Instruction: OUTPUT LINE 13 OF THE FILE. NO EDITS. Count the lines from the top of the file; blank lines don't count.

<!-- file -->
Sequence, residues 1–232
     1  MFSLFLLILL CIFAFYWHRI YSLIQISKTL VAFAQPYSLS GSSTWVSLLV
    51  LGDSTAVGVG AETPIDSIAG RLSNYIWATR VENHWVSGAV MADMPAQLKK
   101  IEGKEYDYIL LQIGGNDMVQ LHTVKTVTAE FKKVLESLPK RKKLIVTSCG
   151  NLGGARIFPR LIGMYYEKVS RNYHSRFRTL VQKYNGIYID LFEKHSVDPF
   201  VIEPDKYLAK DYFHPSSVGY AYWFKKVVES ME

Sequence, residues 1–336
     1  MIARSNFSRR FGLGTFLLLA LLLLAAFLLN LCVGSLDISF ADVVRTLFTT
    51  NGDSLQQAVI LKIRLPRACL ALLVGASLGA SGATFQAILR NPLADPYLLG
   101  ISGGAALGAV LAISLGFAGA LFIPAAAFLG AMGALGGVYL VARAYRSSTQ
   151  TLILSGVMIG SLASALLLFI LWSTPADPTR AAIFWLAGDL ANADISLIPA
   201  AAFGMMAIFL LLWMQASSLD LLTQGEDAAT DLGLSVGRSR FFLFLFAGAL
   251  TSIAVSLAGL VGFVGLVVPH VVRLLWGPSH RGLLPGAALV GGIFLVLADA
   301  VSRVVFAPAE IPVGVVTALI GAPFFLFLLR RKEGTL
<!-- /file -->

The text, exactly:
   251  TSIAVSLAGL VGFVGLVVPH VVRLLWGPSH RGLLPGAALV GGIFLVLADA